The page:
Saturday, August 7, 2010

Cigarette butts in organizations

I was lying on the beach near St Tropez a couple of days ago and suddenly I noticed something that sent me thinking about stuff you don't really want to think about when you are on holidays. Cigarette butts. They were all over the beach - but that was not the only thing that drew my attention. "After all," I mused, "this is France... what do I expect of the French - wrap those in little plastic baggies and carry away with them? I am not insane... yet..." What really amused me was how people were behaving when they found some of those butts next to their beach blankets.

There were three typical behavioral patterns towards the cigarette butts:

  • cover them up with sand
  • shove them off towards their neighbors
  • ignore those and enjoy the sun
How often have you observed similar behavior in organizations when it comes to solving problems that nobody has any desire to face (leave alone to solve). People either try to pretend that such issues do not exist,  cover them up and hope that no one will find out or pass the buck and make it someone else's headache. It's all recurring. If you do not care for making things around you better (more beautiful, cleaner, nicer, simpler, etc), it does not matter whether we are talking about picking up trash after yourself or streamlining business processes. It always boils down to sense of responsibility and ownership.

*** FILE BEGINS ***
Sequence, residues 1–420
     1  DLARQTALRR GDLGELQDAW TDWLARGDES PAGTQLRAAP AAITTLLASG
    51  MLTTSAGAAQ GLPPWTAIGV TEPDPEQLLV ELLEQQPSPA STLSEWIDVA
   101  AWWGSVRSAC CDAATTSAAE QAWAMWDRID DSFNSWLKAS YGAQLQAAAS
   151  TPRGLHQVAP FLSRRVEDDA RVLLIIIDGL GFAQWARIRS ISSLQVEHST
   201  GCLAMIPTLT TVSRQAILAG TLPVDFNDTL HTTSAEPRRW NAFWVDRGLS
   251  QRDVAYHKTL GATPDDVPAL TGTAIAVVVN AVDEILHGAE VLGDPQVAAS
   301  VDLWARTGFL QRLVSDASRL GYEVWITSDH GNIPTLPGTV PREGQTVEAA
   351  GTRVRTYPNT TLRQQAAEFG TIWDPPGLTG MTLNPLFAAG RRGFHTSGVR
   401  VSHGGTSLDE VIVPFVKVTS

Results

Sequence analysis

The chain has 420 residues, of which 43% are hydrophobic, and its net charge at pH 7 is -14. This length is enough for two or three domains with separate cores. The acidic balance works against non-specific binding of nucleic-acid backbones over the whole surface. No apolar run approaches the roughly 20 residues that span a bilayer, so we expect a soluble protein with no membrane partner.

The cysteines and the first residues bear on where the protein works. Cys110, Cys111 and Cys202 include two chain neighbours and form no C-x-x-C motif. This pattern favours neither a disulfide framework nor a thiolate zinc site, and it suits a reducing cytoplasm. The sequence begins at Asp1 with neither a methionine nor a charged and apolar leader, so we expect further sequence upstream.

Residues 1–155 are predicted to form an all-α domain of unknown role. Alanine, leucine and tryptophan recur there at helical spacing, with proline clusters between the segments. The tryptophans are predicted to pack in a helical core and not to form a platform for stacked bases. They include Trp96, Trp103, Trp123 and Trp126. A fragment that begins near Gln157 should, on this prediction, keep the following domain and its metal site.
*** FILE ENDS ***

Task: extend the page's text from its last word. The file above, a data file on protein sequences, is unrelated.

And here we are facing a dilemma. How do we instill the feeling of ownership into our subordinates, peers and managers? If there is little accountability, you can palpably feel it in the organization. Where people do not care about development of their staff, those chores are being ignored, pushed away or done in a manner that deters others from approaching the subject ever again. It's cigarette butts all over again.

Do you have any suggestions on how to approach the cigarette butts issue?

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